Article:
Congress continues to rank dead-last in the most recent Gallup poll of public confidence in institutions. It's no surprise: when representatives and senators aren't squabbling, posturing, and at one another's throats, such as during Brett Kavanaugh's Supreme Court confirmation hearings, they're saying and doing things that strain credulity. It's no coincidence that insulting the intelligence of members of Congress is such a staple of American folk wisdom. "Suppose you were an idiot, and suppose you were a member of Congress. But I repeat myself," quipped Mark Twain. "When Congress makes a joke it's a law, and when they make a law, it's a joke," said Will Rogers.
Too often, though, the joke is on us. A friend of mine was seated at a banquet table with the family of a then-congressman from Kansas. Family members expressed relief at the congressman's career in politics because none of them thought that he was smart enough to enter the family business—processing scrap metal. "When I was debating what became the 2008 Farm Bill," said Colorado congressman John Salazar, "I had a member of the Agriculture Committee actually ask me if chocolate milk really comes from brown cows. I asked if he was joking and he assured me he wasn't." That's in the same category as the concern of Representative Hank Johnson that stationing 8,000 U.S. military personnel on Guam would cause the island to "become so overly populated that it will tip over and capsize."
Congresswoman Sheila Jackson Lee of Texas once proclaimed that the U.S. Constitution was 400 years old. And as a member of the House Science Committee, Lee, during a visit to the Mars Pathfinder Operations Center, askeda NASA scientist whether the Pathfinder probe had photographed the flag that astronaut Neil Armstrong left behind in 1969. Armstrong had, of course, left the flag on the moon. In 2010, Lee proclaimed on the House floor that "victory had been achieved" by the United States in the Vietnam War and that "today, we have two Vietnams: side-by-side, north and south, exchanging and working." Lee was a member of the House Foreign Affairs Committee when she made that statement.
I once attended a conference at which Representative Tom Bliley of Virginia— then-chairman of the powerful House Commerce Committee—spoke by teleconference. As he read from a prepared statement, he included the instructions—such as "pause for emphasis"—that had been inserted by his speechwriter. Where one line had been inadvertently duplicated, Bliley read it a second time. Carelessness? Intoxication? Senility? Don't voters have a right to know?
Former senator Pete Domenici of New Mexico was sufficiently forthright to reveal in 2007 that he had been diagnosed with frontotemporal lobar degeneration—an inexorably progressive, incurable disease characterized by the wasting away of the frontal and temporal lobes of the brain. Because of the behavioral changes and dementia that accompany this condition, Domenici announced that he would not seek reelection the following year. I had great sympathy for Domenici, but he should have resigned at the time his illness was diagnosed; his constituents deserved that.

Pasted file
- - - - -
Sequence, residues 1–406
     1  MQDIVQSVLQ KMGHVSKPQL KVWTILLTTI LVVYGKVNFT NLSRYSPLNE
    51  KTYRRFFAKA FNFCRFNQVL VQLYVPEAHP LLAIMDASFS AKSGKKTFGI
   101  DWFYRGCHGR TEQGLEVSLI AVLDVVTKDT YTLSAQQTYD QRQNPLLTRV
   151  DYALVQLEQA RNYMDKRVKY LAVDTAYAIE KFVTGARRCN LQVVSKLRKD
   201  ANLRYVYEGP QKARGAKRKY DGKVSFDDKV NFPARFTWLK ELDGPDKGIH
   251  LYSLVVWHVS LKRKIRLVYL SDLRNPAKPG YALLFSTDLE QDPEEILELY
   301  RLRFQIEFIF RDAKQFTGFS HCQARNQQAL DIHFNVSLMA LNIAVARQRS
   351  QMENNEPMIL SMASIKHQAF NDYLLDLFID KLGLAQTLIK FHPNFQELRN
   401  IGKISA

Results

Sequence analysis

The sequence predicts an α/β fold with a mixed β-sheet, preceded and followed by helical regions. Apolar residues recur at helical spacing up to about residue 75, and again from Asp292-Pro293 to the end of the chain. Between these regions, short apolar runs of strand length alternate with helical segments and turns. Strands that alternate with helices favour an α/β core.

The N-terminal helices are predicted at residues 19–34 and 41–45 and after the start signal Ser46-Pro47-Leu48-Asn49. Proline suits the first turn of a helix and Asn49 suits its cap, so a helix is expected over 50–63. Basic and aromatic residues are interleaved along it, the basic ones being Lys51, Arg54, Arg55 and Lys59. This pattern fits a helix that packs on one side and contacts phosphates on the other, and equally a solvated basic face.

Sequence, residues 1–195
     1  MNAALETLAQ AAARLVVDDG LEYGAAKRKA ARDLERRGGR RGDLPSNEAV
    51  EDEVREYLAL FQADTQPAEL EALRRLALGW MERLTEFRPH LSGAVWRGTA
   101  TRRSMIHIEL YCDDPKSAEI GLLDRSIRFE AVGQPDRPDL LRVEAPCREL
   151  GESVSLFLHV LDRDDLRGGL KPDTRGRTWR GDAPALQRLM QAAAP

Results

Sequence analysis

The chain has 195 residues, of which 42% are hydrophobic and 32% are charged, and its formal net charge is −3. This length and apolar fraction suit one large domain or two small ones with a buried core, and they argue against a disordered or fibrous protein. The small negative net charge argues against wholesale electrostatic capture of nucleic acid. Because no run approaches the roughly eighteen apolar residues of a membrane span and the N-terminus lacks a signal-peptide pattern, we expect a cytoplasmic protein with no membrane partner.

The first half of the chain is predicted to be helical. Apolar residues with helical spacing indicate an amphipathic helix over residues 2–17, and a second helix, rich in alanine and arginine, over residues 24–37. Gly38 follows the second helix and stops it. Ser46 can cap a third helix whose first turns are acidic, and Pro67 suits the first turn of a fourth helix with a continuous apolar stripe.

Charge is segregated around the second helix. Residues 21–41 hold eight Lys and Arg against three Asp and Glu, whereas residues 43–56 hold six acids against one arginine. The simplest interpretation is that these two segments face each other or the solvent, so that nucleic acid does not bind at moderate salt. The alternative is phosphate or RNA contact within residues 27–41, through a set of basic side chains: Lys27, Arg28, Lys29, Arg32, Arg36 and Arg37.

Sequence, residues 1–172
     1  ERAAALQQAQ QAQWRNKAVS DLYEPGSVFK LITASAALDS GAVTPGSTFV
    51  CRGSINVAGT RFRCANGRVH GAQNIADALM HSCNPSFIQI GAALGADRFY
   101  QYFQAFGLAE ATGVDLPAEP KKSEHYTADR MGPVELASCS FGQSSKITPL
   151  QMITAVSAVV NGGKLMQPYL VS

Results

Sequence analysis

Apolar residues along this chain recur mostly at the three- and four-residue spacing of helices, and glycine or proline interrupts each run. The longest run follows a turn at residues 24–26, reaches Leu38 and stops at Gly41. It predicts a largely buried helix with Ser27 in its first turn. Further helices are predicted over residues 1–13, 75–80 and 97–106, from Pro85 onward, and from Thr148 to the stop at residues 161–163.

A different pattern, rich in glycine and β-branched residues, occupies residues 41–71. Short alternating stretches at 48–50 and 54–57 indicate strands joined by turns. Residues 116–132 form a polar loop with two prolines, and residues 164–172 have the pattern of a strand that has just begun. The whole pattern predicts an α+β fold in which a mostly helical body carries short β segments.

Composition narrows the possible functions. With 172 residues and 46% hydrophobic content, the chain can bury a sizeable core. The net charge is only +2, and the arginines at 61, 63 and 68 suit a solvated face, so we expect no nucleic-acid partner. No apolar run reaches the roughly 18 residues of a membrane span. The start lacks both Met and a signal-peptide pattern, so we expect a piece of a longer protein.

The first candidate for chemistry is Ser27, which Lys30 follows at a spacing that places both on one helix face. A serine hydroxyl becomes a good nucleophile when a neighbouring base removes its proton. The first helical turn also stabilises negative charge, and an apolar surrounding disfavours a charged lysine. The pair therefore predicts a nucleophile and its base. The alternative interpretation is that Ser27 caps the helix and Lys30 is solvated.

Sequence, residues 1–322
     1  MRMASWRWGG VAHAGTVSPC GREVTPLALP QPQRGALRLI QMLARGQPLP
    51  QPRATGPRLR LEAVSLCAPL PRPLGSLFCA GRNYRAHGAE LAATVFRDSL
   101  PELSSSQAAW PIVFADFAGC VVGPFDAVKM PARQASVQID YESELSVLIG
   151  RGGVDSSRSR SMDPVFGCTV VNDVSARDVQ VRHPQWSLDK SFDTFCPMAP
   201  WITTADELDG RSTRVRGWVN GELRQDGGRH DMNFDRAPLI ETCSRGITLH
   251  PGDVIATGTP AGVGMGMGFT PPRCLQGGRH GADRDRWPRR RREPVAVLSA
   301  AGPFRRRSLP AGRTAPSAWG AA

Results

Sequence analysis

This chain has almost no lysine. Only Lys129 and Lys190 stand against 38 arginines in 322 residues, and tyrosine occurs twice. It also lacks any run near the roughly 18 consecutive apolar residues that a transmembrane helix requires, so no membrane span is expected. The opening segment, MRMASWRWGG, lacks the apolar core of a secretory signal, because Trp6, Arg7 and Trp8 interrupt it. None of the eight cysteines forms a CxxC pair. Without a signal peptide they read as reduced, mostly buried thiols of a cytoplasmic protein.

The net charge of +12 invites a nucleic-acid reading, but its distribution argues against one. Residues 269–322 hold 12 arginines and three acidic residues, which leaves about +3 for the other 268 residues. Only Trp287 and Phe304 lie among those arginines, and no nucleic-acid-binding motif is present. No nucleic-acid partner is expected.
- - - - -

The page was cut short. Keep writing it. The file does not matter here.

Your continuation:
Speaking of brain pathology and dementia, House Minority Leader Nancy Pelosi has been slurring her speech and having difficulty pronouncing words. It was especially evident during a press briefing in June but has been noticeable since at least April of last year. This is not normal. As a voter and taxpayer, but also as a physician, I worry about whether people in such condition are fit to serve.
Perhaps we should ask candidates (and incumbents), including the president and vice president, to volunteer for periodic testing of intelligence, mental status, and psychopathology. After all, we often demand to know whether a candidate has recovered from open-heart surgery, cancer, or strokes, and many states require elderly drivers to get relicensed. Testing could answer speculations about mental fitness, one way or the other.
A mental-status exam offers an assessment of cognitive abilities, memory, and thought processes. It includes assessments of alertness, speech, behavior, awareness of environment, mood, affect, rationality of thought processes, appropriateness of thought content (presence of delusions, hallucinations, or phobias), memory, ability to perform simple calculations, judgment ("If you found a letter on the ground in front of a mailbox, what would you do with it?"), and higher reasoning, such as the ability to interpret proverbs (such as "a stitch in time saves nine"). A useful adjunct would be the Minnesota Multiphasic Personality Inventory, or MMPI, a standardized test of personality traits and psychopathology commonly used by psychologists.
An intelligence test measures various parameters thought to correlate with academic or financial achievement. Every politician need not be a genius, but I'd like the ones who represent me to know that islands don't capsize with the arrival of a few thousand military personnel.
"Congress consists of one-third, more or less, scoundrels; two-thirds, more or less, idiots; and three-thirds, more or less, poltroons," H.L. Mencken observed. Testing might help us weed out a few idiots. Getting rid of the scoundrels and poltroons will have to wait.
Henry I. Miller, a physician and molecular biologist, is a senior fellow at the Pacific Research Institute.